Maintenance is not the exclusive domain of tters and mechanics. It is also the responsibility of almost all workers in every sector and is carried out in almost every working environment worldwide. Defining maintenance, the European Agency for Safety and Health at Work (in its e-facts series) says it is “working on something to keep it in a functioning and safe state and preserving it from failure or decline.”
“The ‘something’ could be a workplace, work equipment, or means of transport, for example a ship,” says the organisation. It points out that preventive, or proactive, maintenance is carried out to keep something functional, and is usually planned and scheduled, while corrective, or reactive, maintenance is repairing something to get it working again.
“This is an unscheduled, unplanned task, usually associated with greater hazards and higher risk levels.
“Workers’ health and safety can be affected during the maintenance process, but also by lack of maintenance or inadequate maintenance. Design of equipment and the work area also has a significant impact on the health and safety of workers performing maintenance,” says the agency.
“Quarries must be properly inspected and maintained to ensure the health and safety of all workers on site. Maintenance activities at quarries range from the maintenance of machines, equipment and vehicles to the keeping of roadways on site in good order, attending to such matters as providing edge protection and securing excavations.”
For example, common risks and hazards in quarries for workers and these include working on the faces and clearing up operations; risks associated with vehicle operations include overturning, collision with other vehicles or workers being crushed or run over by reversing vehicles and slips, trips and falls, which occur in almost all workplaces and quarries are no exception. “Quarry workers are also at risk of being struck by falling objects such as rocks,” says the agency’s e-facts brochure.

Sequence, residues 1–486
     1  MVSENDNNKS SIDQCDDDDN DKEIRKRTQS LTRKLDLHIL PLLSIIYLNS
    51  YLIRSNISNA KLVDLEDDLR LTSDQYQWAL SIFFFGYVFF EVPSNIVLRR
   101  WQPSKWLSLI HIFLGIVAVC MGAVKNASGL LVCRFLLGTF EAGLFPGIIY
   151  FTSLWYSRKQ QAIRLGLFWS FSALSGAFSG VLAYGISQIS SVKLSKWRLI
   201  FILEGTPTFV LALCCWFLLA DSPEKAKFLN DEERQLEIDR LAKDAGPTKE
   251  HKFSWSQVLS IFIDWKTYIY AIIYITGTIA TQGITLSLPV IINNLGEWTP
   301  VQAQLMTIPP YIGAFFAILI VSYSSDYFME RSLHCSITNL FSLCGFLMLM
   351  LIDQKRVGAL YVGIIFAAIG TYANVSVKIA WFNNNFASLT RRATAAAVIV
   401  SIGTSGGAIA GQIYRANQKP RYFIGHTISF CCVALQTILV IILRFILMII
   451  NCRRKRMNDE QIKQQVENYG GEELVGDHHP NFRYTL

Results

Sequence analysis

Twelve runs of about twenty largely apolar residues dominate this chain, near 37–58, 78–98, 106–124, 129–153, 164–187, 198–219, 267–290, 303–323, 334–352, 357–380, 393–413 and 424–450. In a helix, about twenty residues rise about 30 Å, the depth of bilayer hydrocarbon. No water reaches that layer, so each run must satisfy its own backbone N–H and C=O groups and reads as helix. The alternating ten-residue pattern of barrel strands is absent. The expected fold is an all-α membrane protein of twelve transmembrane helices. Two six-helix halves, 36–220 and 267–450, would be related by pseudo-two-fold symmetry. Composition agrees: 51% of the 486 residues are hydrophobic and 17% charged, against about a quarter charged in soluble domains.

Vibration; manual handling including the moving of heavy quarry equipment, manual shovelling of earth and mud and lifting and carrying heavy stones; dust; noise and adverse weather conditions can also cause problems.
“The focus of this e-fact (49) is on preventing harm to workers carrying out maintenance, but it should also be kept in mind that maintenance is essential to protect all workers from accidents and ill-health: lack of maintenance can cause serious and deadly accidents,” says the agency.
“Good maintenance management helps ensure safe maintenance work. A comprehensive approach to maintenance has five basic rules.”
It says that good maintenance starts with planning. A maintenance plan for the quarry should be designed to include roads; vehicles; machinery guards; safety devices; electrical equipment; pressurised systems; roadways and edge protections; excavations, tips and lagoons; buildings; barriers around the quarry, and any equipment used in shot- ring operations.
“A risk assessment has to be carried out and its results should be included in the plan. There are various guidelines for carrying out risk assessments at quarries.”
Work has to be performed safely by securing the working area; following safe systems of work that have been developed in the planning stage; carrying out maintenance work only when a machine has been stopped and, where this is not possible, making sure that protective measures are taken; installing safety signs whenever a hazard or danger cannot be avoided or reduced in some other way, and ensuring that there is safe access to and exit from all work areas.
“It has to be ensured that appropriate tools and equipment, including PPE, are available and used. Heavy loads, danger of rock slides, a loud and dusty environment mean that all workers at quarries need personal protective equipment such as head, foot and hand protection, respirators and hearing protection.
Maintenance workers may carry out tasks in places that are not normal workstations. As a result, they may need specific equipment and appropriate tools,” says the guide.
“Work as planned. Workers involved in maintenance must be properly informed about the task in hand, the results of the risk assessment for that task, the chain of command and any procedures that will be used while the task is carried out, including the procedure for reporting problems.
Where maintenance at quarries is carried out by sub-contractors, this is particularly important.”
A final check when a maintenance task has been completed involves workers checking whether they have left the item in a safe and functioning condition.
“The functional capability of the plant, machines or equipment has to be tested and all protective guards and mechanisms have to be reinstated.
“The maintenance task is finished once the work is signed out and the plant, equipment or machine is unlocked.”